Preaching, says professor and author O. Wesley Allen Jr., should be considered as a form of conversation. The church, after all, is a community of conversation that exists in part to interpret God's purposes for the world and to participate in those purposes. The idea of the sermon as a conversation, then, is not simply a style or form of preaching but an integral expression of the nature and purpose of the church. Allen proposes that the sermon should take on the character of a conversation with the congregation. The preacher does this by incorporating an exploration of a text, doctrine, or situation with the give-and-take among different voices that marks genuine conversation. Through attentive listening to multiple voices in the Bible, Christian tradition, congregation, and beyond, the preacher seeks to help the congregation come to the most adequate interpretation of God's presence and purposes. Allen also proposes that sermons themselves, over weeks and months, can and should be in conversation with each other, thereby having a cumulative effect over time. Allen not only proposes this new concept of preaching but also carefully demonstrates its practical application. This helpful book for clergy and seminary students includes sample sermons.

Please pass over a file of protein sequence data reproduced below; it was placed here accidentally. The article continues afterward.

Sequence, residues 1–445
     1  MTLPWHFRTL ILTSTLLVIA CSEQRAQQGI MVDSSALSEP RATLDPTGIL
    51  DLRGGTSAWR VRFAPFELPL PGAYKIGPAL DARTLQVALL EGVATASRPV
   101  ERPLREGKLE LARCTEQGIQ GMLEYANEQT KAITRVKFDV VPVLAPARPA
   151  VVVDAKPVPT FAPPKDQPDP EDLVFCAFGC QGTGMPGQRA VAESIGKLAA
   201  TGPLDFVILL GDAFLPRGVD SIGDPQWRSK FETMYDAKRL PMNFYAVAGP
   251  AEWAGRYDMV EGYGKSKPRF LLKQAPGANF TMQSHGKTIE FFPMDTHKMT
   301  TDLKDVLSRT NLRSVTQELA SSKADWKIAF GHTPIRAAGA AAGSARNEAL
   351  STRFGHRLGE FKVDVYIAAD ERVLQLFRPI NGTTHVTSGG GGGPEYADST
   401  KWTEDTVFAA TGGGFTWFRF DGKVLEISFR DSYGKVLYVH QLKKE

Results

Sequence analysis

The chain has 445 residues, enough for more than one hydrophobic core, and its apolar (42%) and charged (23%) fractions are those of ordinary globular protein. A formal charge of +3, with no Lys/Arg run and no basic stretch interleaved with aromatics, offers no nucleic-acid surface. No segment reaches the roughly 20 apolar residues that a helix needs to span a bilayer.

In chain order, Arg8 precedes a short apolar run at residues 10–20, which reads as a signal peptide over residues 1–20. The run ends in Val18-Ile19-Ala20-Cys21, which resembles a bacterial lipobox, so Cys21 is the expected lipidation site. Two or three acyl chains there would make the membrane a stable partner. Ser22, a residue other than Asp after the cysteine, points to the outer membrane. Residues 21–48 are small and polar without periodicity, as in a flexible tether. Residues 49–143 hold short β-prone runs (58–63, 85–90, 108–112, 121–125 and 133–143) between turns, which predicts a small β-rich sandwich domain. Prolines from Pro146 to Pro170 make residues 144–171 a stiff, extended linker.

Journal of the Evangelical Homiletics Society(Fall 2005)"Even though Allen's book is though provokingand does have some practical import, he fallsprey to what de decries in his forebears--a ratheruncritical acceptance of the current epistemological paradigm."
Sewanee Theological Review(Vol. 49, No. 2, Easter 2006)
From Ecumensim(No. 157/158, March/June 2005)